Over the past four years, I’ve spoken to just about all of the biggest stars in the NBA. The behind-the-scenes access Red94 has granted me has really opened my eyes to dynamics of the game which I had never considered. But still, my interactions have always been at a surface level: the post game or pre game questions about the game; if I was lucky to catch a player alone, as I often did with Goran Dragic and Courtney Lee in the early years, a few minutes of casual chatter. But before I met Pete Strobl, I had never been afforded the opportunity to truly dig inside the mind of a professional athlete.
Backspin is the story of Strobl’s journey through a life in basketball, spanning from childhood to a decade-long tour of the professional leagues overseas. With foundational anecdotes sprinkled in throughout the reading, the book is an-depth look within the psyche of a man who put bread on the table by living and breathing the very game we all watch and admire from afar.
Strobl, the son of a musician, had ingrained within him from an early age the potential basketball held to lift one towards financial security; still, he completed an MBA while juggling the demands of student athletics. Starting at the junior college level, Strobl molded himself into a key cog on the Division 1 Niagara University outfit (alma mater to former Rockets great Calvin Murphy), improving upon intricacies of his game through diligent practice. In fact, the most interesting aspect of the book is Strobl’s cognizance of the finer facets of player skill development, with reflections focused upon his own previous flaws and the idiosyncrasies unique to the characters around him.
In one particularly fascinating segment of the book, Strobl thinks back to his early days at Niagara and his struggles to earn both playing time and the approval of his coaches. He understands now, as he told me in an interview, that his footwork at the time just wasn’t up to par.
“By the time I arrived at Niagara,” Strobl says, “I had the mindset of an assertive player (ready and willing to shoot whenever necessary), but I had close to zero understanding of some very important technical components. I didn’t understand timing, had no concept of proper spacing and didn’t know how to get the ball against pressure defense. The main hurdle in which I referred to in Backspin is my lack of proper footwork: in my shot, in the post and using screens. I didn’t have the repetitions under my belt of using screens and recognizing when to “curl” or “flare” for example that some of my teammates had. It was an eye opener and for me personally, I had the feeling of discovery.”
In another passage, Strobl describes a teammate, Alvin Young, who would torture opponents with moves crafted to meet the defender’s reaction speeds. The degrees of hesitation on Young’s moves would fit the defender’s tendencies and overall eagerness to reach. More interestingly, Strobl explains the mechanics to Young’s arsenal were developed away from the organized confines of the game and on the playgrounds where extra edges are a requisite gain.
In fact, Strobl talks at length in the book about the many colorful teammates and counterparts he faced, among them being former UNC big man Makhtar N’Diaye, Jamaal Tinsley, and even the infamous (former Houston Rocket) Ron Artest. Strobl reflects back on his two battles with Artest while at Niagara, noting that especially then, the burly forward’s physical prowess was immediately evident; Artest was a “man among boys”, a menacing foe who imposed his will on the court.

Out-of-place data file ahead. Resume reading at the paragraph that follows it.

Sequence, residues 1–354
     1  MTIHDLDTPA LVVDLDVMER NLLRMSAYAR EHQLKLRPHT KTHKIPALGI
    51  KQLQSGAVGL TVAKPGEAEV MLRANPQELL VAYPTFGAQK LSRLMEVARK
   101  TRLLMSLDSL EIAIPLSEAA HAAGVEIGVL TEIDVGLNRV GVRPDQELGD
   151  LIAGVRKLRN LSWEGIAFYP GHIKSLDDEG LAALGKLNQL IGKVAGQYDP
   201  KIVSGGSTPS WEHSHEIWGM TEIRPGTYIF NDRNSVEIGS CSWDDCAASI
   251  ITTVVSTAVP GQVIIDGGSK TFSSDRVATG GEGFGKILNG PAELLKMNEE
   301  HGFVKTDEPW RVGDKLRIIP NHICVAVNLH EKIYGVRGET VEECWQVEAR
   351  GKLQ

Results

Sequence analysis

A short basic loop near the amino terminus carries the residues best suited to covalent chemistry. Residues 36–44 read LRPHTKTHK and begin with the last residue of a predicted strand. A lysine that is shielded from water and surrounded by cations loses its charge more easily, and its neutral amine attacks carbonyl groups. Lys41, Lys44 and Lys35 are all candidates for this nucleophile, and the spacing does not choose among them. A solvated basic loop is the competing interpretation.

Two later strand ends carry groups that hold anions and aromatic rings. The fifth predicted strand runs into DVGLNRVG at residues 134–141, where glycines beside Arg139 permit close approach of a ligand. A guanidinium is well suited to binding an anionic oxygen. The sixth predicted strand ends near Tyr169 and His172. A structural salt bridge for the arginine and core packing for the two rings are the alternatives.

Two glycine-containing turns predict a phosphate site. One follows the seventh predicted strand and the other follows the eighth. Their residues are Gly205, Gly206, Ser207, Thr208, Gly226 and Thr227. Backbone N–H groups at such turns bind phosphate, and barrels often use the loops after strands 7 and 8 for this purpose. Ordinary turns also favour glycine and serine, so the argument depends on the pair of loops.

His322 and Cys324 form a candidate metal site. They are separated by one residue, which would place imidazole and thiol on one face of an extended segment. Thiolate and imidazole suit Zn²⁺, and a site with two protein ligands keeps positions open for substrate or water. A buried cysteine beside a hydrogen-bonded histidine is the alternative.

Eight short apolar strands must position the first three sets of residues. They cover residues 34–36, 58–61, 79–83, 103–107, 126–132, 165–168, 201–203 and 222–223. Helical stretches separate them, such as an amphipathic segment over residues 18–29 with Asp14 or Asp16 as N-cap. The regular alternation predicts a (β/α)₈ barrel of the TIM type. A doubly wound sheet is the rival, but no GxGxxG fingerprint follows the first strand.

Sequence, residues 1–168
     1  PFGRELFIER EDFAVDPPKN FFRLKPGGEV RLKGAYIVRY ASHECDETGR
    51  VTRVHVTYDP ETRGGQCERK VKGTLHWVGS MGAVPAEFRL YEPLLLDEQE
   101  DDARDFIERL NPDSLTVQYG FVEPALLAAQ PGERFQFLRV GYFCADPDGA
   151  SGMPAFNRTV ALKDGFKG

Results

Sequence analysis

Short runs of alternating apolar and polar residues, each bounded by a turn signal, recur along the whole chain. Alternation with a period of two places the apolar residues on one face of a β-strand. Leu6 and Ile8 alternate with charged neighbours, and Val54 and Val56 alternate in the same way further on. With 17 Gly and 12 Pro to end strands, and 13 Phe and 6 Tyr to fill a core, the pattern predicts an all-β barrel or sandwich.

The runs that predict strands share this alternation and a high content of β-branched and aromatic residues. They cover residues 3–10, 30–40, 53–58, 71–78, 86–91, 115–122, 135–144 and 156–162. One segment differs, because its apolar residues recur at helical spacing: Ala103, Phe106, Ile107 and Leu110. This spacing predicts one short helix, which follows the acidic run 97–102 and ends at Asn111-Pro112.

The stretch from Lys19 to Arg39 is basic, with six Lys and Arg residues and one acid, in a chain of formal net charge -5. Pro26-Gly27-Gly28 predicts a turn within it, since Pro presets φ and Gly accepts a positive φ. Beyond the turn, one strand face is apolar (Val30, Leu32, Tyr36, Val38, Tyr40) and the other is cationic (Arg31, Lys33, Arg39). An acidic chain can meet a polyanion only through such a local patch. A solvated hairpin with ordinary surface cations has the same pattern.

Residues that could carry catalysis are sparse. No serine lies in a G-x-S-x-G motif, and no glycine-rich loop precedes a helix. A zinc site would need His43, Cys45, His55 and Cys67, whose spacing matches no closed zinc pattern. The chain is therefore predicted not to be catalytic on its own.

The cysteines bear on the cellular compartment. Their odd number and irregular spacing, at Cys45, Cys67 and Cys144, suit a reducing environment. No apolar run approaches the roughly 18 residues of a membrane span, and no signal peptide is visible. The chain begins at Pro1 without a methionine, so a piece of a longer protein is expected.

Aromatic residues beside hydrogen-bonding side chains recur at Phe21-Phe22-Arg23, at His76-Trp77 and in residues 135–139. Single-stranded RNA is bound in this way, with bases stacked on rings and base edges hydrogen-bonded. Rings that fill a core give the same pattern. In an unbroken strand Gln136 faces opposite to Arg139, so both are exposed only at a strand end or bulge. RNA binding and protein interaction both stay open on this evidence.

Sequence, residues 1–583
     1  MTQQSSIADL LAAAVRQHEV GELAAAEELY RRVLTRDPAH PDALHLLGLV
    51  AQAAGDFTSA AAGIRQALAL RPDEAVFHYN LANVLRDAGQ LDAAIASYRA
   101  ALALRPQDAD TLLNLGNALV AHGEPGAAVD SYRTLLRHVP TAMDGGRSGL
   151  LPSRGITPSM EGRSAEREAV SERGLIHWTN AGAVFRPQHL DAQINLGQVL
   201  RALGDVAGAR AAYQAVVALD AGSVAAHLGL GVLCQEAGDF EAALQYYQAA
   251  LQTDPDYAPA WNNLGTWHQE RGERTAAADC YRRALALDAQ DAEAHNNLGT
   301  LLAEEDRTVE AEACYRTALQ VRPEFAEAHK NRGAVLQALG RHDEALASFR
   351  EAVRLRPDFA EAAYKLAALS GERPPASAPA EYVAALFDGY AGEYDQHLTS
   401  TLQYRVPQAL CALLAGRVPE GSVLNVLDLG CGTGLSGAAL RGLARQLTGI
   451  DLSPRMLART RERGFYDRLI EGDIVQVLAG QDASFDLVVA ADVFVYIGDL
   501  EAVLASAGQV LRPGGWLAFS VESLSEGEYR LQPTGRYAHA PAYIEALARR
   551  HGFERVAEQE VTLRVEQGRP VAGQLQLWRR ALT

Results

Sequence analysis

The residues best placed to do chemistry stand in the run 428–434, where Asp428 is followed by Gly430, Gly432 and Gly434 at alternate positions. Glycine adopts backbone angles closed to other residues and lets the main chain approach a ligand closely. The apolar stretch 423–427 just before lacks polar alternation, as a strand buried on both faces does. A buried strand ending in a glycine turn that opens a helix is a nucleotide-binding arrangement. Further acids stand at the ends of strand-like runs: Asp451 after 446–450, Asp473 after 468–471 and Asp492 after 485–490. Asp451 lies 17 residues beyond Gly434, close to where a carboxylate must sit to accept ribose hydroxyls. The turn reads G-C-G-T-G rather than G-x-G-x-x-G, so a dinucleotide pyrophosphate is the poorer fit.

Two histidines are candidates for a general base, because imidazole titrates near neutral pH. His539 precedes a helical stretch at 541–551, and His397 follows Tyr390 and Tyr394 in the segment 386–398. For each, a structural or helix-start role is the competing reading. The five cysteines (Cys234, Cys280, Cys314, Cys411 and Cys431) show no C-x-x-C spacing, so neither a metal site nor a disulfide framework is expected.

The book digs into the emotional realities of professional athletics, especially those specific to the international experience. In one otherwise hilarious anecdote, Strobl mentions an instance in Europe when he and his teammates had not been paid in a timely manner in accordance with the terms of their contracts. With their balances weeks overdue, the players confront the team’s visibly distraught manager who eventually acquiesces to the payments after a string of lies. This does not happen in America; this isn’t a concern for players in the NBA.
But at a greater, thematic level, the issue of hope and survival rests as one of the book’s over-arching backdrops. Strobl had no long-term guaranteed contract. For him, it was a year-to-year affair, pitted against the uncertainty of the future. He not only battled the physical and mental pressures of professional sports, but endured the perpetual angst of at-will employment. What would happen if the team didn’t win games? Where would he be living next season? And without a contract, how did the competing tensions between team success and the individual need to produce play out? These matters intensify when, while in Europe, Strobl marries and shortly later welcomes the birth of a child. Strobl’s Backspin is the human condition through the lens of professional athletics.
Did Pete ever think he’d make the NBA? That was always the dream and that hope amplifies over a summer in L.A. when parties with ulterior motives get Strobl’s attention. But ultimately, while the “what if’s” may always linger, he reflects back with satisfaction on a gratifying career that brought newfound experiences and countless lessons. At the culmination of his decade tour, but while still in his physical prime, Pete is forced to make a decision, and a sacrifice, that leads to his walking away from the game as a player. He now is a skills trainer and coach at The Scoring Factory and that new journey is the subject of what Strobl hopes to feature in his next book.
You can pick up a copy of Backspin from Amazon.com.